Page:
I view this subject as one of the most complex we face in dealing with any non-contemporary literature or literature written in a language other than our own. Even some contemporary literature in our native language can be problematic. A fully spelled out metaphor (X is Y) is generally not a problem. But this doesn't come up all that often. Implied metaphors (Y only) can be a big problem. One of the problems with tropes of all kinds and not just metaphors is that they usually have tight associations with very specific, but often subtle and interacting, cultural phenomena. Such associations may well be beyond our grasp. Take our expression "cool" for example. I think this is more a metonymy than a metaphor but that's a side issue. Before World War I it had a completely different and opposite meaning (See Lincoln's Cooper Union address). In an ancient literature there are likely many occasions where we don't even know we are dealing with a trope; or worse, that we are dealing with something that one might take at face value and as a trope, "The temperature was in the fifties but I loved it. It was a very cool day." I suspect that 1 Corinthians 9:27 may be a case in point. Even questions of whether a trope is "live, dead, comatose, or a zombie waiting to pull you to a premature death" may be nearly impossible to sort out without detailed knowledge of its evolving use and context and the cultural phenomena that may be driving the trope.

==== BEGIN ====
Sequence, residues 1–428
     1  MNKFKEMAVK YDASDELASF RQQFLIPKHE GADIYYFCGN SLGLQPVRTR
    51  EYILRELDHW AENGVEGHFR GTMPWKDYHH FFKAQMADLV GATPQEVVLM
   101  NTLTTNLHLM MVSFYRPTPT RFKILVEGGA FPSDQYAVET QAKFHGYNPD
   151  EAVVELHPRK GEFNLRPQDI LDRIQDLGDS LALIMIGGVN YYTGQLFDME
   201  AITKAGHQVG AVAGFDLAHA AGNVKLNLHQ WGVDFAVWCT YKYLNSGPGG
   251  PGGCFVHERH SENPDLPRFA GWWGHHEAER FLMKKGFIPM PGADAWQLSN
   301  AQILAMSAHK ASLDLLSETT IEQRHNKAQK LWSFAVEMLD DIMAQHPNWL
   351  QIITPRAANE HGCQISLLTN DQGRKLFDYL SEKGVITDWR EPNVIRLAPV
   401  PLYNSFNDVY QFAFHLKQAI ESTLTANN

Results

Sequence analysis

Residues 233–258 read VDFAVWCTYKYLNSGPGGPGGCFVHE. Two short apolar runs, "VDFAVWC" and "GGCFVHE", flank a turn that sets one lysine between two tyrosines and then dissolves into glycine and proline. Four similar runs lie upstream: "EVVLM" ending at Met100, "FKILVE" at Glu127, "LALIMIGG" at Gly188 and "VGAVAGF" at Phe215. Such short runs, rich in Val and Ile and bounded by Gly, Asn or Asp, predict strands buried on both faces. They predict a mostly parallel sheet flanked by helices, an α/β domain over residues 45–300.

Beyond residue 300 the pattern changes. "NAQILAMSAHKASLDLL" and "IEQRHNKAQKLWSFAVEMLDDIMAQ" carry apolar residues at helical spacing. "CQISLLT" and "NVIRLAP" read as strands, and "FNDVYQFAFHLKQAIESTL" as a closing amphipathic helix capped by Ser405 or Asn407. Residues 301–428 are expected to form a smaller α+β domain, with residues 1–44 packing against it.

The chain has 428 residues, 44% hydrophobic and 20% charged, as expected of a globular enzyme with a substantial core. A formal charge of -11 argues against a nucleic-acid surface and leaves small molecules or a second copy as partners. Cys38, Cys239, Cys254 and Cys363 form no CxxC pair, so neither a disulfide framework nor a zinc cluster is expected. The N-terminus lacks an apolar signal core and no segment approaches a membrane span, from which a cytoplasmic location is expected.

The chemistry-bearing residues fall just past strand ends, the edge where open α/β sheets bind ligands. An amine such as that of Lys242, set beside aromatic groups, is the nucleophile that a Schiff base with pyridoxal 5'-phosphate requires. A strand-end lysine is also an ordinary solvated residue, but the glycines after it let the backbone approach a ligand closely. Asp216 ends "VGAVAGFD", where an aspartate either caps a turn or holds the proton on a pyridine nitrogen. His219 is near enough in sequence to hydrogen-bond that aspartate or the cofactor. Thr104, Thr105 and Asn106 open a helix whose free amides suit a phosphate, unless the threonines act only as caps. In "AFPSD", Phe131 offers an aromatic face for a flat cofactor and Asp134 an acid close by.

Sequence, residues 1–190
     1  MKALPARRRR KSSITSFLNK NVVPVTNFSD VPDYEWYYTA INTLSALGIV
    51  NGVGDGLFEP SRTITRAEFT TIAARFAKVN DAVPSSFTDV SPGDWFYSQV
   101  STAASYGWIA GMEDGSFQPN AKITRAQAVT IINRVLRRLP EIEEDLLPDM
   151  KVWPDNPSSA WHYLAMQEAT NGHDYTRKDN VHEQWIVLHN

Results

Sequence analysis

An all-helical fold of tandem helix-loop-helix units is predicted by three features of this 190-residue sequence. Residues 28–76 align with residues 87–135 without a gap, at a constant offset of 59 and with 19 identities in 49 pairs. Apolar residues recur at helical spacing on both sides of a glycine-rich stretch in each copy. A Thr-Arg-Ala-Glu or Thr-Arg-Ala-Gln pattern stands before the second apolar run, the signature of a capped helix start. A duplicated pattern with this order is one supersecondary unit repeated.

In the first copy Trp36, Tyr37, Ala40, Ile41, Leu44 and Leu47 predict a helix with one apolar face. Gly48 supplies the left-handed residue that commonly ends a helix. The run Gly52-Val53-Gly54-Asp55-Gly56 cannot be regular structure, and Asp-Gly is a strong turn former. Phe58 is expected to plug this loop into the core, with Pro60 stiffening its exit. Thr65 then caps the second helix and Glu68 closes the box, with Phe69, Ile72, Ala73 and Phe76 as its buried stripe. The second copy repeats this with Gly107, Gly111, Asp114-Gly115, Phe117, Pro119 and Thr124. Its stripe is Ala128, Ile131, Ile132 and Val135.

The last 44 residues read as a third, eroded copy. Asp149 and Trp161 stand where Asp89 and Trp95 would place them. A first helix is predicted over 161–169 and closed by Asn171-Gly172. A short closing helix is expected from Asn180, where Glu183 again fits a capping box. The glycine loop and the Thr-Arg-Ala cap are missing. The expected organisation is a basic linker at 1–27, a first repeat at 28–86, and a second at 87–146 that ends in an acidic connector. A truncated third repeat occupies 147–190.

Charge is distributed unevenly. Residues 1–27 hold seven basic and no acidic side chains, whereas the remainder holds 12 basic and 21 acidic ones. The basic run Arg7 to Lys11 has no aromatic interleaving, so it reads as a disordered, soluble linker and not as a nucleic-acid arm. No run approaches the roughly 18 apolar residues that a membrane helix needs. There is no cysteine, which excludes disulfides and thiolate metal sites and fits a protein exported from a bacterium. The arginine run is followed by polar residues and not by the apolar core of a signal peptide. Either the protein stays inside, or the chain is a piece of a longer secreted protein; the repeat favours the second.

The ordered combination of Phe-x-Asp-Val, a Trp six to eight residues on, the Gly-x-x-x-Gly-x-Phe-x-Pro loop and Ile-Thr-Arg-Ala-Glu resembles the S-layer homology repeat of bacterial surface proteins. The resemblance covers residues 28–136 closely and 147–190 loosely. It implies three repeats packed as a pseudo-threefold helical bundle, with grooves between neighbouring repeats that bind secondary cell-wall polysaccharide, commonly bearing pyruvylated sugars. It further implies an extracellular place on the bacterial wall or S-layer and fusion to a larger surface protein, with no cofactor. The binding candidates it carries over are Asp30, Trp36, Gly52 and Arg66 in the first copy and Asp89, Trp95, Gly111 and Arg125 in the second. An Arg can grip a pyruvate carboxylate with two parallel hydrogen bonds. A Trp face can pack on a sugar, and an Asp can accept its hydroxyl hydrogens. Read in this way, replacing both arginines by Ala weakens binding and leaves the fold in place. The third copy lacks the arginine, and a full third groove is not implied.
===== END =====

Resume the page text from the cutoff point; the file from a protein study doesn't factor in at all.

Hi Suzanne.

But you have to admit, Laila Ali does her Dad proud.

I was of course deliberate in using 'prolix and wordy' to describe - a bit unfairly - a prolix and wordy translation.



you make an excellent point. David Ker wants us to believe that the original concreteness of this verb is bleached away in both Luke and 1 Cor. I think he's right and wrong at the same time. The way we use language, as you exemplify, is more complex than that.

It's interesting that according to BAGD, the verb is less washed out in Luke (its preferred gloss reads 'in order that she might not fly in my face') and more washed out in 1 Cor ('treat roughly').

Peter Kirk

John, I see what you mean now about the TNIV rendering, but I had just the same problem with Doug's rendering: it can too easily be taken literally.

David Ker

You've got some great writing in this post. I think the metaphor is dead and no one wants to dance with a dead partner. In fact they're dancing with a ghost that isn't there. So better to just give a literal equivalent and move on... but I'm a brow-beating low brow in this discussion.


You make it sound easy, David. What do you mean by a "literal equivalent"?

J. K. Gayle

In an ancient literature there are likely many occasions where we don't even know we are dealing with a trope; or worse, that we are dealing with something that one might take at face value and as a trope, "The temperature was in the fifties but I loved it. It was a very cool day."

Duane makes this great point. But we contemporary translators do well with "face value" on this one.